FILED: March 29, 2006

IN THE COURT OF APPEALS OF THE STATE OF OREGON

JOHN JOHNSON,
individually and for all others similarly situated,

Appellant,

v.

SAIF CORPORATION,
an Oregon public corporation,
and BRENDA ROCKLIN,

Respondents.

0207-07157; A123541

Appeal from Circuit Court, Multnomah County.

Jerome E. LaBarre, Judge.

On respondents' petition for reconsideration filed January 18, 2006, and appellant's response to petition for reconsideration filed January 27, 2006. Opinion filed October 19, 2005. 202 Or App 264, 122 P3d 66 (2005).

Hardy Myers, Attorney General, Mary H. Williams, Solicitor General, and Robert M. Atkinson, Assistant Attorney General, for petition.

Meagan A. Flynn and Preston Bunnell & Stone, LLP for response.

Before Landau, Presiding Judge, and Schuman* and Ortega, Judges.

LANDAU, P. J.

Petition for reconsideration allowed; opinion adhered to.

*Schuman, J., vice Richardson, S. J.

LANDAU, P. J.

Plaintiff initiated this action under 42 USC section 1983 against defendants SAIF Corporation and its president and chief executive officer, alleging that defendants deprived him of his right to due process under the Fourteenth Amendment to the United States Constitution by terminating his permanent total disability workers' compensation benefits without a pretermination hearing. Defendants sought, and the trial court granted, summary judgment on the ground that SAIF is not a "person" subject to liability under section 1983.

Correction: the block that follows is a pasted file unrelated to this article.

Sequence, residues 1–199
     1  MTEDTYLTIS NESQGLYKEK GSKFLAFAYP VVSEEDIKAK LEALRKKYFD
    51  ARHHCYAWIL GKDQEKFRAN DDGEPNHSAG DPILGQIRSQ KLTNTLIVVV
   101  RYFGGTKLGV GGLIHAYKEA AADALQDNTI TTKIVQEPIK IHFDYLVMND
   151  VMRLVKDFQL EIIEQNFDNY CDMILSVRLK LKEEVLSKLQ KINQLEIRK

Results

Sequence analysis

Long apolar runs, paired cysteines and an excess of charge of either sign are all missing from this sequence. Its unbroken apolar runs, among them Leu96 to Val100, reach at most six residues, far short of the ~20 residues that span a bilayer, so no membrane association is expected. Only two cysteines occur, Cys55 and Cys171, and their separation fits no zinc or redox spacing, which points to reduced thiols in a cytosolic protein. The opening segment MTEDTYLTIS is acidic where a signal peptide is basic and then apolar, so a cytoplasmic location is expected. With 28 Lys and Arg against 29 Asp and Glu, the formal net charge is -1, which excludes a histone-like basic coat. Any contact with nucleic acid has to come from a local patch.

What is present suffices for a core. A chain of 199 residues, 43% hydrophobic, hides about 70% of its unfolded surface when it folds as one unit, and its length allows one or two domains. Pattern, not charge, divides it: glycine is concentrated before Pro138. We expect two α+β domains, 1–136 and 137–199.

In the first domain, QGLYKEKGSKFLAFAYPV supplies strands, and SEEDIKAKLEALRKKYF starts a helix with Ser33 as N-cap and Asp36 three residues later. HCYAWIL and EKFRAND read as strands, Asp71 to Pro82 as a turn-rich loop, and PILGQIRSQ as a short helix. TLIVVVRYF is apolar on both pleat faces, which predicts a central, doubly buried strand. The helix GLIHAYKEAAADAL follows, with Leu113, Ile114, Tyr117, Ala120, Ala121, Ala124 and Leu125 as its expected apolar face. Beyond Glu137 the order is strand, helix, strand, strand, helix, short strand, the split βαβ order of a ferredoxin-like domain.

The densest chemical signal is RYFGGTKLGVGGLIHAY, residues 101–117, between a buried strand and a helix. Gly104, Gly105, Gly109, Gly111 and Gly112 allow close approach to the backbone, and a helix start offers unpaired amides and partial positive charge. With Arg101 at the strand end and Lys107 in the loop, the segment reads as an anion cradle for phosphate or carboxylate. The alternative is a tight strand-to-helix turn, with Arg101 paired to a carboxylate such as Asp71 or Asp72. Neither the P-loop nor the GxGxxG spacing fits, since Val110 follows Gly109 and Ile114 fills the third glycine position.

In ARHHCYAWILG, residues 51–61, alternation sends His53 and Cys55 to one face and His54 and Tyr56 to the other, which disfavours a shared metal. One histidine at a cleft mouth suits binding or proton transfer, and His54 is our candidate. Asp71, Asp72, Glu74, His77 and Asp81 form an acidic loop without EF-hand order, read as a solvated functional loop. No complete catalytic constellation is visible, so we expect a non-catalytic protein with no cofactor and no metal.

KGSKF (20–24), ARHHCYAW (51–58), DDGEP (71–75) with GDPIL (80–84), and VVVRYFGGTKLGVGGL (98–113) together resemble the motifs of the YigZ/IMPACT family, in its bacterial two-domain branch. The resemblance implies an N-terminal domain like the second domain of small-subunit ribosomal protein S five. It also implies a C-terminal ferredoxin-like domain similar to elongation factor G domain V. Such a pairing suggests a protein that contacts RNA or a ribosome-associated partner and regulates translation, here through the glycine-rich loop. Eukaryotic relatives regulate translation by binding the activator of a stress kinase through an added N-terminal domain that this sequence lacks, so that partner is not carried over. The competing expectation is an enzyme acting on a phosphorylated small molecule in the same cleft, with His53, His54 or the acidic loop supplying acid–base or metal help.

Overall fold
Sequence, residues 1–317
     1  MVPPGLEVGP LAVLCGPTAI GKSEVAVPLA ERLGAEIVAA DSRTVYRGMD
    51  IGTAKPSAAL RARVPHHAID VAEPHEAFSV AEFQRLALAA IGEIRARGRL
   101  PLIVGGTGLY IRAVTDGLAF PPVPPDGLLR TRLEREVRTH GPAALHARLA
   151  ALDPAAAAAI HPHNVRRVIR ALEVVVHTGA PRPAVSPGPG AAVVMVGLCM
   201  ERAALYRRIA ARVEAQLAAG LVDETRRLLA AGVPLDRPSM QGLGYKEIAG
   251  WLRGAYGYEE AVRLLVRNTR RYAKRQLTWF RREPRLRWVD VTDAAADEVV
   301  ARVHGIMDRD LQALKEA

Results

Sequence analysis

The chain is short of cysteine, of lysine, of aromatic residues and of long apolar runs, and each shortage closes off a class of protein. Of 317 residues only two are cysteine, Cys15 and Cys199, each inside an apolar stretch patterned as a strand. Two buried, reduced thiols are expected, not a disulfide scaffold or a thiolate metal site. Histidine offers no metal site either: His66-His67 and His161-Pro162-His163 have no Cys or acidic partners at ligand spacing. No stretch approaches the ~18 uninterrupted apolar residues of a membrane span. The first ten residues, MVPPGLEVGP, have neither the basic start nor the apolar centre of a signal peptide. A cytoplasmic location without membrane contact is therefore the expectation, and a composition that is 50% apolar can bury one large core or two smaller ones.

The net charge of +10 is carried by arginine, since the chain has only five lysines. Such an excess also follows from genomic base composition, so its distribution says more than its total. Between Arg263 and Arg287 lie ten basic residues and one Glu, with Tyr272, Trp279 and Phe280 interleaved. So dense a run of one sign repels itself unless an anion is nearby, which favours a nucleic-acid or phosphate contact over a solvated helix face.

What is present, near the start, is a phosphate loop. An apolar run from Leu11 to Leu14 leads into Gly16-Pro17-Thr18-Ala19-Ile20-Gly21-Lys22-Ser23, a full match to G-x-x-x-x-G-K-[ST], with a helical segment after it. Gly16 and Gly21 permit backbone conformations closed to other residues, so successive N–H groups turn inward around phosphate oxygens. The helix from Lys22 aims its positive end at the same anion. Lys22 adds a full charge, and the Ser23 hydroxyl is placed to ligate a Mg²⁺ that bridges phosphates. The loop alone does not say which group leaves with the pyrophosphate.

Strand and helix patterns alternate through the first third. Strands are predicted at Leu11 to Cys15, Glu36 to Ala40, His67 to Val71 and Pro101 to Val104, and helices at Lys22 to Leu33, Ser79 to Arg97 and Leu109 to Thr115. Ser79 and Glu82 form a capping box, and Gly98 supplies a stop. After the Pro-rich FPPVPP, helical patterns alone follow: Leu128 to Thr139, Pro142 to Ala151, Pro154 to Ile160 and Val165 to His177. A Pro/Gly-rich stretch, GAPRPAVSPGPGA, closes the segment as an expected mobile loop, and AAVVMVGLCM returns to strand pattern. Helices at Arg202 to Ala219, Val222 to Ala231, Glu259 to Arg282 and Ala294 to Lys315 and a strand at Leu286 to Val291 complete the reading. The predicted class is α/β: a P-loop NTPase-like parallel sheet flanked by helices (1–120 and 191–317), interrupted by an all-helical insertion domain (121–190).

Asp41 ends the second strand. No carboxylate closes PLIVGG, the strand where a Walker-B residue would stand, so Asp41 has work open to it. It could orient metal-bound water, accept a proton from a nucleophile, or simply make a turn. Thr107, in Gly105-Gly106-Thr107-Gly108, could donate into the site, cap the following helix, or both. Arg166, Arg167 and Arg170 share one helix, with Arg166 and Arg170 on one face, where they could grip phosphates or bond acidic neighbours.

Plaintiff appealed, arguing that SAIF indeed is a "person" within the meaning of the federal statute on which his claim is based. Plaintiff argued that, under existing federal precedent, whether a defendant is a "person" under that statute is determined essentially by reference to Eleventh Amendment principles, that is, by determining whether a defendant is immune from suit because it is an arm of the state. Plaintiff argued that whether a defendant is an arm of the state for Eleventh Amendment purposes is, in turn, determined by reference to, among other things, how the defendant is treated by state statute and state court case law and whether the state treasury is liable for the obligations of the defendant.

For their part, defendants argued summarily that SAIF is an arm of the state, citing two federal court decisions, namely, an unpublished opinion of the Court of Appeals for the Ninth Circuit and a published opinion of the district court.